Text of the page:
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Professional practice patterns of U.S. psychiatrists
Am J Psychiatry 1994;151:89-95.
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Abstract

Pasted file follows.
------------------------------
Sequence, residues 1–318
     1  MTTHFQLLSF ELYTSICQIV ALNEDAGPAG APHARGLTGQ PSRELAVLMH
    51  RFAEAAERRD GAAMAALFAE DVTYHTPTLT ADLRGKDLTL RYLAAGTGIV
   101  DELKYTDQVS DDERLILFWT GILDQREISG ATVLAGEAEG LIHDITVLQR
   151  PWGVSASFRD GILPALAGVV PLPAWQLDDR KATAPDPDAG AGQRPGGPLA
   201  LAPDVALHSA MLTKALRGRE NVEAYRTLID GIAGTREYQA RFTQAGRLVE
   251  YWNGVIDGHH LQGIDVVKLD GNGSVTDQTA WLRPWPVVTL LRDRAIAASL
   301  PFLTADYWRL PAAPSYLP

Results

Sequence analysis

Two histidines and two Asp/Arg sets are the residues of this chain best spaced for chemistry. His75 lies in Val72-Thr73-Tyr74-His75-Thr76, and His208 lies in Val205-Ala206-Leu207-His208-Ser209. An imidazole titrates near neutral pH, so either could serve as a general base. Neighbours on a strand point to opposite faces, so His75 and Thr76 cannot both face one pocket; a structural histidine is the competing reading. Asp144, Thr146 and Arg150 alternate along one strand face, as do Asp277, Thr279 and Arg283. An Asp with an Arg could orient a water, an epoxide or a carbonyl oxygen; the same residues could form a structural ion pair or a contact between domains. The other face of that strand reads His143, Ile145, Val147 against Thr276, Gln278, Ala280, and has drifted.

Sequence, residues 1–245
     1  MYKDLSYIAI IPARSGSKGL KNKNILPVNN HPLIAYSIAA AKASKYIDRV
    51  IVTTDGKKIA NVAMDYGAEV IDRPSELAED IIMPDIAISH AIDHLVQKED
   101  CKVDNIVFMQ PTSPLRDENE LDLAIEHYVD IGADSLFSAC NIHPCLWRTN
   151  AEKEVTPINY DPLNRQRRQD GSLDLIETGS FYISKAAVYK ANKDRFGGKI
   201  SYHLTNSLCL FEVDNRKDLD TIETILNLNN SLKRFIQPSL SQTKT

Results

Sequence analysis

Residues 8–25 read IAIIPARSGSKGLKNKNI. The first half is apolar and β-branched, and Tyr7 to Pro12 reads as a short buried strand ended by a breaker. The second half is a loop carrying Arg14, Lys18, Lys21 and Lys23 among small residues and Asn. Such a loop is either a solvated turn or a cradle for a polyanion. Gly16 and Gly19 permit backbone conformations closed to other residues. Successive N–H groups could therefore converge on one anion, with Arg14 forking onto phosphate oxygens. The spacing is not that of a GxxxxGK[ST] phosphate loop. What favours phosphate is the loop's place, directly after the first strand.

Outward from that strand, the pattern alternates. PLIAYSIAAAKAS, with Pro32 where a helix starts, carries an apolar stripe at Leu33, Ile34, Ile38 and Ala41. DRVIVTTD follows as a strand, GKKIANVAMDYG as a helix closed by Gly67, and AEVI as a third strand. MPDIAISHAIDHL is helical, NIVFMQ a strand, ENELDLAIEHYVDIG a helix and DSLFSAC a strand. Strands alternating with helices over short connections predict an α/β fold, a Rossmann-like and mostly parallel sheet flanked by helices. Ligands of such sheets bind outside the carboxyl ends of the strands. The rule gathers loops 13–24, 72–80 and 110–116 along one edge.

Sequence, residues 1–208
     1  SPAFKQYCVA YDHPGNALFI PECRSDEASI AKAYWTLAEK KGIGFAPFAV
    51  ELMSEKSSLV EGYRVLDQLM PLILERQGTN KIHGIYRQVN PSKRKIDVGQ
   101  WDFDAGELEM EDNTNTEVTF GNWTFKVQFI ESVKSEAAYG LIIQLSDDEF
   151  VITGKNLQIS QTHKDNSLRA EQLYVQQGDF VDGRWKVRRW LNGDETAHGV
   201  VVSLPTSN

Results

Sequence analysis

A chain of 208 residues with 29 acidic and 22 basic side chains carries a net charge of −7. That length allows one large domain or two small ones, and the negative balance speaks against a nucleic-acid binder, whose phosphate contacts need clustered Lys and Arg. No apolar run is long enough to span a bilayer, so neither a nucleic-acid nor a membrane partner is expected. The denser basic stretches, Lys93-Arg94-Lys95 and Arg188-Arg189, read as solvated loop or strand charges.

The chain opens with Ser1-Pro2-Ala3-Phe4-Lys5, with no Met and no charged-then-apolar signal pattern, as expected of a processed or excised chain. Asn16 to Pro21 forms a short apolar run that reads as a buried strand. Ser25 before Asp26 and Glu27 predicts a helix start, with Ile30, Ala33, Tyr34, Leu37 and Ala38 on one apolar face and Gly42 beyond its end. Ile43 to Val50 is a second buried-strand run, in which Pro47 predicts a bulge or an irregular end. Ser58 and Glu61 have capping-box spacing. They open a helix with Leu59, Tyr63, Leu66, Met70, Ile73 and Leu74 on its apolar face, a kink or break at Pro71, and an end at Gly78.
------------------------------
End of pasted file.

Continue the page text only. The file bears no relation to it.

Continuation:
OBJECTIVE: The authors develop a classification of psychiatric practice based on primary and secondary work settings. METHOD: Data from the 1988-1989 APA Professional Activities Survey were used to characterize seven practice groups: public psychiatrists, public psychiatrists with private secondary work settings, private psychiatric/general hospital psychiatrists, private office practice psychiatrists, private office practice psychiatrists with secondary private psychiatric/general hospital work settings, private office practice psychiatrists with secondary settings other than private hospitals, and psychiatrists in private organized outpatient settings. Psychiatrists primarily in government administrative agencies, medical schools, or nursing homes were among those excluded. Usable data were available from 16,135 psychiatrists (82.8% of the target respondents). RESULTS: The largest groups were private psychiatric/general hospital psychiatrists (19.6%), private office practice psychiatrists with secondary settings other than private hospitals (18.9%), and private office practice psychiatrists with secondary private psychiatric/general hospital work settings (17.4%), followed by public psychiatrists with private secondary work settings (14.5%), private office practice psychiatrists (11.7%), public psychiatrists (11.4%), and psychiatrists in private organized outpatient settings (6.6%). During a typical week, the practice groups varied in the average proportion of their outpatients who received assessments, therapy and medication, therapy and no medication, and medication management. The groups also varied in the mean number of patients they treated each month with affective disorders, schizophrenia, anxiety disorders, and other disorders. CONCLUSIONS: Only about one in 10 clinical psychiatrists is engaged exclusively in office-based private practice, and approximately half of the outpatients treated by the average psychiatrist receive medication. Work setting appears to exert a powerful influence over whom psychiatrists treat and what services they provide. Because a majority of psychiatrists work in more than one setting, most psychiatrists serve a broad range of patients and provide a variety of treatments.

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